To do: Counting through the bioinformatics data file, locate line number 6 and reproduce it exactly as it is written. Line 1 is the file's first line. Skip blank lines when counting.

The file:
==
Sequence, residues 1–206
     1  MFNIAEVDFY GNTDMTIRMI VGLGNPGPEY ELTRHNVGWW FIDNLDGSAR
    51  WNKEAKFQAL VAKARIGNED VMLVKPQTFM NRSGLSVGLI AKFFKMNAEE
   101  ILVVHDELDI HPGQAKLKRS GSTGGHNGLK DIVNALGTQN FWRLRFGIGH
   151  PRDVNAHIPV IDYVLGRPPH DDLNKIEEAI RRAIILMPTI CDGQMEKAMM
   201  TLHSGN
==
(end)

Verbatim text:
   201  TLHSGN